Seal Echo rol ed Bin Laden’s body into the body bag and zipped it up.
‘Take it down to the helo,’ said Croft. Seal Echo and Seal Charlie picked up the body and carried it out.
The Seals by the television had stashed the laptop and the DVDs in their backpacks and were working their way through a stack of magazines and newspapers they’d found in the wooden cupboard.
‘Take it al ,’ said Croft. ‘They’l want to know what he was reading; it’l give a clue to what he was planning.’ He nodded at Seal Bravo. ‘Five more minutes and we’re out of here,’ he said, then hurried down the stairs.
More Seals were searching the bedrooms. The wal s were al concrete and the floors were tiled, which cut down the number of possible hiding places, but they tapped everything with the stocks of the M4s to be sure. They smashed cupboards and tables and used their knives to rip open mattresses.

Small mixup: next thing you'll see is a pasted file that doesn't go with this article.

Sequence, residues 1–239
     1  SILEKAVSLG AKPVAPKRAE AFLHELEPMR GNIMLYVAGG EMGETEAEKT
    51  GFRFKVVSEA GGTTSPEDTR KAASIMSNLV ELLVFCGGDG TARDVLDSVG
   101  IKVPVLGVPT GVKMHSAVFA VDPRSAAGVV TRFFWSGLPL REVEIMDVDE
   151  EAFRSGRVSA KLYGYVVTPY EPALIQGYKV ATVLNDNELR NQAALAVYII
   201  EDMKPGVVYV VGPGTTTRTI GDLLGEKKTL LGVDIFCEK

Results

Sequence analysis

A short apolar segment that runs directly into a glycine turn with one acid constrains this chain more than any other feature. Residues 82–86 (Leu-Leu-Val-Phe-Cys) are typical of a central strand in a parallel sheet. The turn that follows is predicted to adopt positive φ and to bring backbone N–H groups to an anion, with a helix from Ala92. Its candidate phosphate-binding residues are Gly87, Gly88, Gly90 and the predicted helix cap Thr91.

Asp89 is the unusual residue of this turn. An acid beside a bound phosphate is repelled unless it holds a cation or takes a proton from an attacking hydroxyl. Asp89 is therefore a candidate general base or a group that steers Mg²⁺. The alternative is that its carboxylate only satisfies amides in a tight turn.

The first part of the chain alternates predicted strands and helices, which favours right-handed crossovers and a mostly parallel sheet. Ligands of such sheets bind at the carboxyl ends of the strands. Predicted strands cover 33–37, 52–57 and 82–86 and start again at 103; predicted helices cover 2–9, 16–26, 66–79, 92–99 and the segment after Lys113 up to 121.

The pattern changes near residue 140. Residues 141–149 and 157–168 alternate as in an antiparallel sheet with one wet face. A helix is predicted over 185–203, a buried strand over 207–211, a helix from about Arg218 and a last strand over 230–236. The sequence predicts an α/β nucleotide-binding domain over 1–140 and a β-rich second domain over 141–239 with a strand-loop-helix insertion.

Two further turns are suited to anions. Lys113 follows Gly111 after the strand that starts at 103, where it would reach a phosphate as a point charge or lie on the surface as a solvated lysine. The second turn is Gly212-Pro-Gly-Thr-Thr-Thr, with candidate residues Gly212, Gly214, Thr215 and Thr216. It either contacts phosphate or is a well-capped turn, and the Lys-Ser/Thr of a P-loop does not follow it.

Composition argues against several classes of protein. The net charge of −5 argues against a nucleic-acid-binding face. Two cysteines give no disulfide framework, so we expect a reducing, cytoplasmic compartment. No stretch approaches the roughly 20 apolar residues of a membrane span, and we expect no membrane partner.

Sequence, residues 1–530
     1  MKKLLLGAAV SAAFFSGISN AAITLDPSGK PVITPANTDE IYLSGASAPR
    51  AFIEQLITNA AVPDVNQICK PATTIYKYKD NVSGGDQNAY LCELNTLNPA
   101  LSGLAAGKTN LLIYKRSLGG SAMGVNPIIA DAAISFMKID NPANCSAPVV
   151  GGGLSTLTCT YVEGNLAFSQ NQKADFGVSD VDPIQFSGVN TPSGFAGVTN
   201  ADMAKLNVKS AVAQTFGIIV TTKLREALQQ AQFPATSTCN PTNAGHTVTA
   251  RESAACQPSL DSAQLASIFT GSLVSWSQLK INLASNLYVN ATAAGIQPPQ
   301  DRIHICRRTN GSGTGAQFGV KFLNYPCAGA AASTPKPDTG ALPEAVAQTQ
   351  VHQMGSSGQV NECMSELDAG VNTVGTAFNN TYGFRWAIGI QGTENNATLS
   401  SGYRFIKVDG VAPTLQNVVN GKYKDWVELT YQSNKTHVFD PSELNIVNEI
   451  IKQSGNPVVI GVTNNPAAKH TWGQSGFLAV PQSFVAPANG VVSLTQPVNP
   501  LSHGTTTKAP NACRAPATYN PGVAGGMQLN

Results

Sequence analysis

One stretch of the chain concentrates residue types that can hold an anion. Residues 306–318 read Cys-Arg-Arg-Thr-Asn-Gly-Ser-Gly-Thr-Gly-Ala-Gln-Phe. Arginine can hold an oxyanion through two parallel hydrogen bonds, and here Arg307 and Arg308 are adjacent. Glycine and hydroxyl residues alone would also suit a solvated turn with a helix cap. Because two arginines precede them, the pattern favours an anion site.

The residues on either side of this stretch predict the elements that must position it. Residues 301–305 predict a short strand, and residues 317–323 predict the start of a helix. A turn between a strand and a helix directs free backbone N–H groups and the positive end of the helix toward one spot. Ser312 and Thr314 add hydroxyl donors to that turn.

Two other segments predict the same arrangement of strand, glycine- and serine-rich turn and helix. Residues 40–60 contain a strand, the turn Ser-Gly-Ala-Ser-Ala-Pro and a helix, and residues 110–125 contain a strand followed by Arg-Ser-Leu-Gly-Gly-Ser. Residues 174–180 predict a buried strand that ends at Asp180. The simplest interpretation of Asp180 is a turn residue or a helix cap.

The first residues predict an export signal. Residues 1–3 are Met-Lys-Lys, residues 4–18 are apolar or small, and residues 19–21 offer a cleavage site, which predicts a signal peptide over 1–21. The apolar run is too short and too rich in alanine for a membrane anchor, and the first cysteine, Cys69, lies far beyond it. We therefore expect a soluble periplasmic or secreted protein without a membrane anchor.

‘Come on guys, the clock is ticking, mover it!’ he shouted before hurrying down the stairs to the ground floor, with Seal Bravo hard on his heels.
Shepherd stood and watched as four Seals brought half a dozen children out of the compound. They were al barefoot and wearing shabby nightgowns and their hands had been tied behind their backs with flex cuffs. Two of the children were girls who couldn’t have been more than six years old and they were crying uncontrol ably. ‘They’re just kids,’ said Shepherd.
‘Kids are as dangerous as adults in this part of the world,’ said Henderson. ‘We have to make sure they’re not a threat.’